How do you train your horse to have a good "handle?"

peppersgirl 09-23-2012 04:53 PM

once again good advice cherie, but I have to sort of disagree on any horse can do it ( if you want to be competitive).

I had a pleasure bred mare that was trained really well- I was not competitive on her as she had 0 desire for it ( not to mention she really just wasn't built for it which didnt help matters).

if your doing it for fun then its ok to be on a horse that maybe isnt the greatest at it, but if you want to be good at it, you need to assess your horses desire to work a cow.

Cherie 09-23-2012 06:09 PM

Absolutely agree -- if you want to be competitive, you have to be well mounted.

That being said, if the OP already knows how to move and handle cows, then she needs to be mounted well enough to get there.

The way we put a 'handle' on a horse is to teach it from day 1 to move its shoulders. If that takes a short bat or tap on its shoulders or a spur at the girth or ???, we strive to get a horse 'light' on the bit, responsive to leg and rein, and to MOVE its shoulders. Did I say it has to move its shoulders? It is all in shoulder control.

The best tool for teaching this is one critter (can be cow, steer, heifer, bison -- my favorite or even a goat or llama) in a 150 foot round pen. You teach the horse to drive the critter forward, then walk parallel to it and finally step a step in front of its 'drive line' to stop it. When the critter stops, you teach the horse to stop with it. When the critter turns and goes the other direction you teach the horse to back up one or two steps straight (this 'loads' its hind end) and you teach it to roll back toward the critter. This should be a 'true roll-back where the horse steps BEHIND its front foot with the other front foot. [Most reining roll-backs are not true roll-backs -- they are just 1/2 of a turn-around or spin.] It should learn to 'sweep' around in front by moving its shoulder the full 180 degrees or close to it. Then, when the horse is facing the direction the critter is facing, the rider drives it forward to catch up. If you have a horse with any 'cow' in it, it will start hurrying the roll-back on its own.. It is best if the horse 'wants' to get turned around and you only hurry it to catch up. They stay more correct that way.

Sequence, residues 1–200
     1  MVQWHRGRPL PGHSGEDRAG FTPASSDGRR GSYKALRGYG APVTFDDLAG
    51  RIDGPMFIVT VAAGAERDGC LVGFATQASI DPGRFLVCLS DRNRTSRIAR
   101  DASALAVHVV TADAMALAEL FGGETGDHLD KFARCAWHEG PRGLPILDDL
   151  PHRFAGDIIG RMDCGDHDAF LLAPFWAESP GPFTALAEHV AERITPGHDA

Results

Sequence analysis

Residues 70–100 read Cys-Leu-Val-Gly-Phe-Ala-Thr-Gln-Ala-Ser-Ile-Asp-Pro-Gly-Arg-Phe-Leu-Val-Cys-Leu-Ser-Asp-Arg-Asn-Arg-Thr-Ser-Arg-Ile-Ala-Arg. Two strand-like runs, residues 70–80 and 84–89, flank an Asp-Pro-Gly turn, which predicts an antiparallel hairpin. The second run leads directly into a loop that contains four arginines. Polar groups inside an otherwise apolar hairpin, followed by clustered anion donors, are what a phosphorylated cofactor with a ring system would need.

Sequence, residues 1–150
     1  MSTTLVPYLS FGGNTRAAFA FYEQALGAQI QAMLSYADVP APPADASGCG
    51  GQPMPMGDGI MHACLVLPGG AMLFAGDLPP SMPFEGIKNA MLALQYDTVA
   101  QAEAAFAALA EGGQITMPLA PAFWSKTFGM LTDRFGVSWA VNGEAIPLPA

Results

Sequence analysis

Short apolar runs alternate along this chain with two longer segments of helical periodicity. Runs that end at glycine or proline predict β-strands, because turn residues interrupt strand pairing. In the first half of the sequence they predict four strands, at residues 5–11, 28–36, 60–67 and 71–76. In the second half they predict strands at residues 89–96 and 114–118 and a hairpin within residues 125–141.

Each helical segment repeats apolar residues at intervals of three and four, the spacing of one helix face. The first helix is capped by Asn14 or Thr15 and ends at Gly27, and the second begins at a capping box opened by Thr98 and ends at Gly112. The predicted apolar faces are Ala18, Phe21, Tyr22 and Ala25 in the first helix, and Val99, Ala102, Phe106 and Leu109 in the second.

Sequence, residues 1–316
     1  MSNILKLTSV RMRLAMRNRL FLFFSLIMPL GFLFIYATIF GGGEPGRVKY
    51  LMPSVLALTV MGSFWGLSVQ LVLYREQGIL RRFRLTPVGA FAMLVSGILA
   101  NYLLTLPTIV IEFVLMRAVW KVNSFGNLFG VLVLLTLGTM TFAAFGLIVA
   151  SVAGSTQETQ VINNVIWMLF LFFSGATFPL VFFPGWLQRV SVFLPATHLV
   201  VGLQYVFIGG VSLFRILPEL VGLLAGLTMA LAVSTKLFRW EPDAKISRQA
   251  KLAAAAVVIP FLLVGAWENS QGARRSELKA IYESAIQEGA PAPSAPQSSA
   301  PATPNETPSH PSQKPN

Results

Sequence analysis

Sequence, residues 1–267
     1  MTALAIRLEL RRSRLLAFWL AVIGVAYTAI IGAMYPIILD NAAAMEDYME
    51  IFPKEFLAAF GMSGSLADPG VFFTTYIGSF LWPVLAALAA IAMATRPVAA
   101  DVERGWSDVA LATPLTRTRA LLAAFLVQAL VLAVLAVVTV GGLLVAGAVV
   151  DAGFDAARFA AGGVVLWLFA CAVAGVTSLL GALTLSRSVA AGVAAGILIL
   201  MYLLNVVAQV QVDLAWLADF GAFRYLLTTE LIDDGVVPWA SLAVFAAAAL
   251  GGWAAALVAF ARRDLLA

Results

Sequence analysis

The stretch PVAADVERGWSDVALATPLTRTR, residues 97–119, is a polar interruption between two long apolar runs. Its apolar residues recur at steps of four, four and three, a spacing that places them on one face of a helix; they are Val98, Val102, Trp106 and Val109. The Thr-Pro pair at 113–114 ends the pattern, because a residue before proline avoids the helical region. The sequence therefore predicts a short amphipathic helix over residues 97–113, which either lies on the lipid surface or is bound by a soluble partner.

The big thing you want to teach while the horse is going parallel to the critter is to keep its head looking slightly toward the critter and keeping its ribs bent out away from the critter. In other words, the horse is moving with reverse bend, coming off of the rider's cow-side leg.

The other big thing is to NOT LET the horse flop its butt out (away from the cow) when the cow stops. The horse MUST learn to hold its ground behind, keep its ribs and shoulders out (away from cow), stop while staying parallel to the cow, load its hind end by stepping back, sweep the ground to change directions by only moving its shoulders and then catch up to the cow. When you go to catch up to the cow, the round pen lets you make a smaller circle so you do not just 'chase' the cow. Your cow-side leg should push your horse away from the cow to make that circle smaller while staying parallel to your critter.

You do not teach this, even to a talented horse, overnight. If you take the time and patience to teach a horse to stay correct, you will soon see how much 'cow' your horse has. The ones with a lot of cow try to do too much too quickly. The disinterested ones will just not learn to stop when the cow stops.

If you can afford it, the best way to start sorting is to buy a horse that is already pretty well trained. It is a lot easier to learn where to be when the horse tries to get there for you.

As for finding someone to practice with ---

NY is not exactly like living in OK or TX. Are there any Ranch Sorting or Team Penning competitions near you. If you can find a competition near you, I would just go and get acquainted. Find the people from your area and ask if you can come and play with them. Most people will let others practice and play with them if they pay a 'stock charge' to off-set cattle costs and feed.

We love our bison. I have had two or more here for about 15 years. I have two now. One Bison in a round pen will let you teach many horses how to be where you want them to be. A 150 foot round pen can even be used with two riders and two horses. One rider just 'works' the other horse and rider the same as if it was a critter. This is obviously not as good as working a cow, but you can give a horse a reason to be where you want him to be. A 'flag' does the same thing. Horses learn to work them and they give the rider the chance teach the straight stop, the step back and the roll-back.

Hope this helps.